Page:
Last but not least, you can also earn money online by building an online community, although the monetization strategies you can pursue will vary a lot depending on your goals. You can build a community with a blog, for example. You can also build an online forum and charge people for membership. You could even build up a Facebook group and use your influence there to sell and promote products.
Now, if you don’t know people who might want your coaching services, there are a number of online tools and communities that make it incredibly easy to find clients and teach, on just about any topic area you can think of. Community driven platforms like Savvy.is, Clarity.fm, and Coach.me provide you with a network of potential clients to interact with, as well an integrated payment solution.
I personally like this one for some spare cash. It does not take much to earn an extra $20 – $50 a week. Some claim that they are able to make a living by dedicating their time to different jobs at mTurk. You will have to go through a learning curve, but once you get comfortable, you will find plenty of good and interesting HITs (Human Intelligence Tasks) to work on.
So, where are we supposed to turn to make money the legitimate way online? This isn't just about generating passive income; this is also about finding ways and means to create an active income through the conveniences afforded to us by the internet that will not only help us with our debt obligations, but also empower us to save, invest and get really rich in the future.
Now, it’s time to start creating and uploading content. Make sure you’re using a high-enough quality camera (most smartphones will work but I’d suggest at least having a tripod so your footage isn’t shaky), but don’t worry about being perfect at first. The beauty of YouTube is that you can continue to test out different content and styles as you find what works for you. Instead, stick to a regular schedule to build up your subscriber base.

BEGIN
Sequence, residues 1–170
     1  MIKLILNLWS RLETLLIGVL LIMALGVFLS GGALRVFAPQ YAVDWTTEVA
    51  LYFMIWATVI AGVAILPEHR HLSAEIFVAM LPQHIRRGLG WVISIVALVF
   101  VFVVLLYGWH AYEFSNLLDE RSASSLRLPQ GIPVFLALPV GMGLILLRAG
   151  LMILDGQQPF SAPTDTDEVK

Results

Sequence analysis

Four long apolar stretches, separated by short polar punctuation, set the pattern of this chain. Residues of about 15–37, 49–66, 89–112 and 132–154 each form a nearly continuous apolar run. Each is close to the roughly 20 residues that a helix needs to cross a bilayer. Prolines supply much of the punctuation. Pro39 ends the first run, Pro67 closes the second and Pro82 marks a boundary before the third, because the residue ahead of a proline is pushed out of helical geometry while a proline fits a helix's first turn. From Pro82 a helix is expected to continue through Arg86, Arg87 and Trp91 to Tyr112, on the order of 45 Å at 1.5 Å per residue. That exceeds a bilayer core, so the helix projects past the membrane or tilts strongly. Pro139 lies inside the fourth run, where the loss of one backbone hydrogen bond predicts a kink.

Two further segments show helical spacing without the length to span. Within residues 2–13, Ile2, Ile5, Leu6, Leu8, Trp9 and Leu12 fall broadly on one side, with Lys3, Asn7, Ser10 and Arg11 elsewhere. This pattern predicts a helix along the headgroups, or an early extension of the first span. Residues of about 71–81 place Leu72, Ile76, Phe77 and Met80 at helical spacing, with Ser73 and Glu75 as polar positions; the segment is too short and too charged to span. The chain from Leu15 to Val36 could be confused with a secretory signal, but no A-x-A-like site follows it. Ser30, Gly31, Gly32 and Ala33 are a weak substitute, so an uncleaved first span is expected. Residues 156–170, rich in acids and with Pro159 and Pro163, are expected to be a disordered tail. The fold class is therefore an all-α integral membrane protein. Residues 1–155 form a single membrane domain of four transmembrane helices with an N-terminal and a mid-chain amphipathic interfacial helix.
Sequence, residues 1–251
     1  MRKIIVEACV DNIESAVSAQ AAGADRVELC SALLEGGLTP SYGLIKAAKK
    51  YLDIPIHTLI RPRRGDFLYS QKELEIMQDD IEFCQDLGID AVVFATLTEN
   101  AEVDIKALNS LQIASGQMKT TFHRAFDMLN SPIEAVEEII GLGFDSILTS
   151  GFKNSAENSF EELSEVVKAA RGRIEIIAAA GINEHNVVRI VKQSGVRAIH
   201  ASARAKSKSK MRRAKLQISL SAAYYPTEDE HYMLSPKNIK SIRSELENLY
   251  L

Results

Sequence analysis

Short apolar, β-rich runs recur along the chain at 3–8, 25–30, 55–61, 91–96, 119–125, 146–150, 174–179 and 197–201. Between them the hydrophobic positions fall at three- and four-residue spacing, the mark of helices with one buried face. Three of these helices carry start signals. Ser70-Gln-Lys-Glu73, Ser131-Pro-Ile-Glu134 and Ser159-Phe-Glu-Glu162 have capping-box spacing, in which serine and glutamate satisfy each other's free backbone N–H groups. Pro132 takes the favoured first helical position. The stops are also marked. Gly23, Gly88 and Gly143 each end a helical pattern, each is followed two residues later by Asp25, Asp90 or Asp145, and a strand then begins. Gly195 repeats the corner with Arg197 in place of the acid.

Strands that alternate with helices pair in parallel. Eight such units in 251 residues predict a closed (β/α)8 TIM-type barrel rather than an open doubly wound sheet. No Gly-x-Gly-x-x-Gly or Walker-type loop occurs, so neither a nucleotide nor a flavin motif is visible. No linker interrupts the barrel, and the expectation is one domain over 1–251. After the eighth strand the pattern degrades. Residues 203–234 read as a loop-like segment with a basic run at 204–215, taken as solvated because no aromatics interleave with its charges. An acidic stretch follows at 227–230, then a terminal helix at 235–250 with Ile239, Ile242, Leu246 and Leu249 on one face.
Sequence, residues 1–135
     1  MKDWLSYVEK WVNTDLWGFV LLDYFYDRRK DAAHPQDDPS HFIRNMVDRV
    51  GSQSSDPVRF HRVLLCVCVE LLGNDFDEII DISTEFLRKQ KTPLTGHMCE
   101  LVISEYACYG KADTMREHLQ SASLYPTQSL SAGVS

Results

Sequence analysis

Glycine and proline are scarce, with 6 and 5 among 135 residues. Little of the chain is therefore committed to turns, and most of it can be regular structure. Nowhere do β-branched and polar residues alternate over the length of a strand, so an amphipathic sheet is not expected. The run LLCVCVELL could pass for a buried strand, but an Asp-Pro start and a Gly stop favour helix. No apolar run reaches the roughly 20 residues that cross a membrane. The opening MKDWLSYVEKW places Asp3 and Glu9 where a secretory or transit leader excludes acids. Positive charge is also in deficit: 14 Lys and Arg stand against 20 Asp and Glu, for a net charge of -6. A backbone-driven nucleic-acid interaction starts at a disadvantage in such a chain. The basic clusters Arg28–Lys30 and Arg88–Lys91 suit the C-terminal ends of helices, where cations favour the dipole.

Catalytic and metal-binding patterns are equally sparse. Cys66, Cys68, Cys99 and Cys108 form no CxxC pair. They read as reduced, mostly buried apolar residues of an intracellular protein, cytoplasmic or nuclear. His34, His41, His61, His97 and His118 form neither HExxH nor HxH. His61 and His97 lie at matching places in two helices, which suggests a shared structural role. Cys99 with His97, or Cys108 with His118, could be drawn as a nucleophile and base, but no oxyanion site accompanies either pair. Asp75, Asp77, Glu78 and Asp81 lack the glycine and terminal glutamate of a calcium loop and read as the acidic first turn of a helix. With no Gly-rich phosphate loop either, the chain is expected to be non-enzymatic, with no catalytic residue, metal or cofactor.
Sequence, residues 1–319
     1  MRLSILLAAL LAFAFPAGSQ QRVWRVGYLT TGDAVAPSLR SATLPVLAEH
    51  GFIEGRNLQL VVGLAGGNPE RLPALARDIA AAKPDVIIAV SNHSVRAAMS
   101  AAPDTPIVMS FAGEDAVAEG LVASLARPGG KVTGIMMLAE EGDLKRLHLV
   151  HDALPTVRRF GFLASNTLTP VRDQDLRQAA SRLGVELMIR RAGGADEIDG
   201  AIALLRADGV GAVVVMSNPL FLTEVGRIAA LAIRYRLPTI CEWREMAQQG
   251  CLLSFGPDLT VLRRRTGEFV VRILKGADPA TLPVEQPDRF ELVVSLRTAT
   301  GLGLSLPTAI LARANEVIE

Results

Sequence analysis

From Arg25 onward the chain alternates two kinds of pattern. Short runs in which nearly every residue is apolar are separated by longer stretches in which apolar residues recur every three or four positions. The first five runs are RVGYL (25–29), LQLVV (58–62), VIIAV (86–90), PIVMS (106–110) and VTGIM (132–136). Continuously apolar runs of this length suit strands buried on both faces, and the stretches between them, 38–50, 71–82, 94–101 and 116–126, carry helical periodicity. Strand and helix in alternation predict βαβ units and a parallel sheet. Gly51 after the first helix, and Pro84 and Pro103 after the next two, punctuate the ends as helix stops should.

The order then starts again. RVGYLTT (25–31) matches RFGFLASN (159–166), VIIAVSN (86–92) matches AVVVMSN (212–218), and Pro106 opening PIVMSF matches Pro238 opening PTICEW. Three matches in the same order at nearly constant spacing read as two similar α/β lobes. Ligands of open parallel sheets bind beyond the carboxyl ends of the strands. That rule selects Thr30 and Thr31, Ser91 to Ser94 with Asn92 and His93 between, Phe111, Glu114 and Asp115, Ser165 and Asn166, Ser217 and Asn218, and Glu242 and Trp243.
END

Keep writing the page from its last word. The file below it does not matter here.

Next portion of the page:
Thank you so much for this great article, it was very helpful, you definitely have a lot of information here. I own a business, so I work quite a bit, but I really need something else to help me sustain, especially though the winter months because it’s mainly a seasonal business. I’m curious, when you first started, how did you find something that worked for you? I know it will take a lot of hard work, and that’s fine with me, but I get discouraged signing up for a lot of these sites and only making 10 cents on the 4 or 5 surveys or videos, or whatever they have to offer, then there’s nothing left. I’ll spend an hour getting signed up for these sites, then it only nets a dollar or something and it will say I have to wait for new work. And I know it takes time to build up, but what can I do or where can I go to see some real traction online? I’m working on building an O Desk profile too.
As long as there is still the written word, there will always be editors. Freelance editing and proofreading not only pays a decent hourly wage, it also gives you the chance to read about potentially interesting topics too. What's more, pursuing freelance writing & editing as a business idea can afford you a lifestyle that lets you travel the world as a digital nomad. You can find lots of job postings from companies and individuals in need of writing, proofreading, and editing services on Contena, which makes this a high-demand opportunity to make money online.
Blogging is something that requires patience, persistence and discipline. It may mean writing everyday for over a year before you really start to see any money from it. There are exceptions to the rule, but from my dealings with other bloggers, it seems to be pretty common to spend one or even two years building your blog, your brand and your authority, before making any serious amount of money.